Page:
The electronic health record vendor CareCloud has agreed to pay $3.8 million to resolve kickback allegations.
According to a press release from the Southern District of Florida U.S. Attorney’s Office, the United States accused CareCloud of violating the False Claims Act and the Anti-Kickback Statute through its “Champions Program” marketing-referral initiative.
“Product functionality, reliability, and safety should drive a medical software company’s success, metformin full prescribing information not illegal kickbacks paid to promote its products,” said Acting United States Attorney Gonzalez in a statement.
“There is simply no place for kickbacks in our country’s healthcare system. Companies who ignore this will be held accountable,” Gonzalez added.
“On January 8, 2020, CareCloud, Inc. acquired the company now known as CareCloud Health, Inc. (formerly CareCloud Corporation),” said CareCloud representatives in a statement. “The acquired company was, at the time of the transaction, subject to a civil investigation, which began with the filing of a sealed complaint in 2017.
“CareCloud Health has admitted no wrongdoing in this matter and has accepted settlement in an effort to move forward, focusing its efforts fully on the vital support and services it provides to its clients, and avoid costly litigation,” representatives continued.
“The U.S. government declined to intervene on and pursue any claims regarding CareCloud’s EHR product, Charts. The investigation was considered as an element of the acquisition, and adequate reservations were made.”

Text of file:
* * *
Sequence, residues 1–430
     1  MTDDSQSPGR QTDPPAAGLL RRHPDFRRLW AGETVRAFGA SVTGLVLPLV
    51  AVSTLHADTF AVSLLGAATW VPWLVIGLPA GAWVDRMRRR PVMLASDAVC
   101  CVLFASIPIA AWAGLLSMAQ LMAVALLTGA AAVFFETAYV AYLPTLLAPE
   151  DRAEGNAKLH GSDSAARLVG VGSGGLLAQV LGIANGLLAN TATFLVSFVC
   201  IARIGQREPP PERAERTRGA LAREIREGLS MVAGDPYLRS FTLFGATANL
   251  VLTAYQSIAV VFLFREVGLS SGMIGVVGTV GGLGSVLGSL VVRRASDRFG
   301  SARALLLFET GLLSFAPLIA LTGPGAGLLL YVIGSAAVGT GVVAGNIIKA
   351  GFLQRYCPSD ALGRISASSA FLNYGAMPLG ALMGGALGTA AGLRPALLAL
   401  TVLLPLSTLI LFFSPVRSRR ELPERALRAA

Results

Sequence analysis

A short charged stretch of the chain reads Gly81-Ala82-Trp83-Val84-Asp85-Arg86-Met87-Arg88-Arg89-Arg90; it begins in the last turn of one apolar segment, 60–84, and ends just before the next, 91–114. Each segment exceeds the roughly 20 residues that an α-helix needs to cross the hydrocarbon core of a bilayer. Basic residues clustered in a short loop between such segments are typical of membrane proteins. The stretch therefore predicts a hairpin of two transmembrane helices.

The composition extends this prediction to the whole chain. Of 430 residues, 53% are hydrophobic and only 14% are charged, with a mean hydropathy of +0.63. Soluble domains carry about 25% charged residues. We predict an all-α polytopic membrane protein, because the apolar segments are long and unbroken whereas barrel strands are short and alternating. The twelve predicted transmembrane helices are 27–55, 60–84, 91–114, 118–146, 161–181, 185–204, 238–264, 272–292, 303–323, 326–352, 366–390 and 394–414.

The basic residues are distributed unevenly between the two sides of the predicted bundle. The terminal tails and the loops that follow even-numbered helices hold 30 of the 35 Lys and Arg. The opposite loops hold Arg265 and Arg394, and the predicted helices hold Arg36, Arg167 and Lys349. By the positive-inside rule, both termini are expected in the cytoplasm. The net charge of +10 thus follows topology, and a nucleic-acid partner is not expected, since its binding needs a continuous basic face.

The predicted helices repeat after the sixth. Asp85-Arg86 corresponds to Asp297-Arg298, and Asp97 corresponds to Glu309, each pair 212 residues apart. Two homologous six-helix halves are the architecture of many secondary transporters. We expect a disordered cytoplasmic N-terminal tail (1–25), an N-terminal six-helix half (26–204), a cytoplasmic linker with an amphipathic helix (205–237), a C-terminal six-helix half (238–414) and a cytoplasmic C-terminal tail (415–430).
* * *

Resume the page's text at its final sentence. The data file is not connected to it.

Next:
WHY IT MATTERS
According to the settlement agreement, between January 2012 and March 2017, CareCloud gave existing clients cash-equivalent credits, cash bonuses and percentage success payments to recommend its EHR products to prospective clients.
The agency says participants in the program agreed in writing not to provide negative information about CareCloud’s EHR products to the prospective clients.
Prospective clients were allegedly unaware of the rewards that program participants had received.
The United States alleged that these actions violated the Anti-Kickback Statute, along with the False Claims Act (because the kickback payments “rendered false” the claims submitted for federal incentive payments under meaningful use programs). The settlement agreement notes that CareCloud denies the allegations. The vendor has since discontinued the program as described.
As part of the agreement, the company will pay $3,806,967 to the United States. The whistleblower who originally sued the company in federal court will be awarded $803,269.97.
THE LARGER TREND
This isn’t the first EHR company under fire for alleged kickbacks this year. In January, athenahealth agreed to pay $18.25 million to resolve False Claims Act allegations.
Under the “Concierge Event” program, according to court documents, athenahealth is said to have provided existing and potential clients trips to the Masters Tournament, the Kentucky Derby, New York Fashion Week, the Indy 500 and the NCAA Final Four, among other events. The company also was accused of paying existing clients for referrals of new practices that signed up for athenaOne or athenaClinicals, regardless of how much time the existing client spent speaking with the lead.
Last year, Allscripts’ Practice Fusion subsidiary agreed to a $145 million settlement after admitting to illegal kickbacks from an opioid maker.
ON THE RECORD
“Medical software executives who unlawfully promote the capabilities of their electronic health record technology, and pay others to do the same, diminish their credibility and waste taxpayer money,” said Pérez Aybar, special agent in charge at HHS OIG, in a statement.
“My office will continue to investigate such actions to protect the funding for federal healthcare programs,” Aybar said.
Kat Jercich is senior editor of Healthcare IT News.
Email: [email protected]
Healthcare IT News is a HIMSS Media publication.
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